From personal experience, I’m sure Tara Birtwhistle and Johnny Wright are quite relieved to here about this! My own 2000, 2001 and 2002 income tax returns were amended from an initial audit where I, as an independent contractor, was deemed to be an employee of a company. What this meant to the company was a whole bunch of “employer share” of payroll deductions were being requested. What this meant to ME .. was that being deemed as an employee, all of a sudden my operating business that I had operating since 1991 became non-existent – all my deductions were ignored.
Imagine if you are a store selling products and earning a gross profit after buying those products. Then you have costs to maintain your store. Ultimately, you have a net profit, pay your taxes and think you are a good citizen. Then, you get a letter in the mail saying – Your Gross Sales is your income and you should pay taxes on the GROSS …
Despite my troubles which lasted about 15 months … I found Canada Revenue Agency quite fair and reasonable to deal with – once it got to the appeal level (out of Edmonton) ..
Court ruling huge for arts groups
Fri Mar 10 2006
By Paul Samyn
OTTAWA — The Royal Winnipeg Ballet has won a key tax battle with the federal government that has nationwide implications for the way arts groups pay their performers.
The ruling means two of the ballet’s biggest stars — Tara Birtwhistle and Johnny Wright — are still classified as independent contractors and not employees. If their status had changed to employees, the ballet company would have been liable for Employment Insurance and Canada Pension Plan premiums for its dancers.
“It’s really premature to tell you how this is going to affect us, because we don’t know,” Wright said last night “It’s got many, many implications.”
The stakes were huge. The RWB took on the legal tug of war with Revenue Canada on behalf of the arts community whose shoestring budgets were hard pressed to come up with the extra cash needed to pay benefits if the independent contractors became employees.
“The RWB became a test case for this,” Judy Murphy, the ballet’s chief operating officer, said yesterday.
“Stratford, the Shaw Festival, the National Ballet, symphonies — they were all affected by this. So everyone was looking with great interest at the RWB case.”
The RWB, Birtwhistle and Wright were on the same side.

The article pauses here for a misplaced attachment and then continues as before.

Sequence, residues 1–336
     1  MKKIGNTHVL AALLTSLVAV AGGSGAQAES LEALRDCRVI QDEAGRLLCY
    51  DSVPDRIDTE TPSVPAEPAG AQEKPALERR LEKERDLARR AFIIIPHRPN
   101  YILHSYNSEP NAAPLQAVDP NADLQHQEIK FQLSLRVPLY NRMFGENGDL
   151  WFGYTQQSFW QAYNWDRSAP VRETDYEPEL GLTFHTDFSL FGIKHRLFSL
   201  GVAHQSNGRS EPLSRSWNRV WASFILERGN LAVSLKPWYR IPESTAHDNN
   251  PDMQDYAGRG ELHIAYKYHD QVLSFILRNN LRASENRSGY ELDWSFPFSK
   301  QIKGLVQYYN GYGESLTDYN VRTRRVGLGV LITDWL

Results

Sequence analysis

They took the fight to the Tax Court of Canada and lost in 2004. However, in a split decision, the RWB and the dancers won their appeal in Federal Court last week.
The ruling comes after a decades-long struggle by the country’s performing arts community. The revenue minister’s attempt to classify performers as employees instead of independent contractors nearly pushed Thunder Bay’s symphony orchestra into bankruptcy.
In the RWB’s case, the decision will save the dance company about $50,000 a year, as it won’t be forced to pay benefits to dancers.
Wright said he volunteered to be part of the case. “They needed a couple of dancers in order to build a case to make a ruling,” he said.
“There’s a couple of dancers that were, as I like to call them, the guinea pigs that volunteered and asked a bunch of questions based on how we get to work, if we buy our costumes, if we supply our own shoes, all of that stuff.”
“This is a big deal for the arts,” said Antoni Cimolino, executive director of the Straftord Festival, who helped underwrite the legal costs of the court battle. Cimolino said that had the RWB lost, arts companies could have faced a 30 per cent increase in their costs, as they would have also had to pay for artists’ training and travel as they move about the country. Cimolino said the court case put on the line the very independence of performing artists, who have long resisted any attempt to classify them as employees who simply take orders from their superiors.
The RWB court case revolved around the question of whether Birtwhistle, Wright and Kerrie Souster, who has since left the company, were employees or independent contractors, as has long been the case within the arts community. In fact, the Canadian Ballet Agreement reached between the RWB and the Canadian Actors’ Equity Association declared the dancers independent contractors.
As such, the dancers weren’t eligible for Employment Insurance or CPP. But they were able to claim expenses such as agent’s fees, specialized training, clothing and costs associated with travel across the country as they freely took on engagements with different companies.
As part of a broader effort by Ottawa to capture lost revenue from independent contractors working in a number of industries, the RWB was told it had to treat its dancers as employees.
“The ruling was clear,” Cimolino said of the Federal Court decision. “I would ask our politicians and the Canada Revenue Agency to show leadership and accept the ruling.”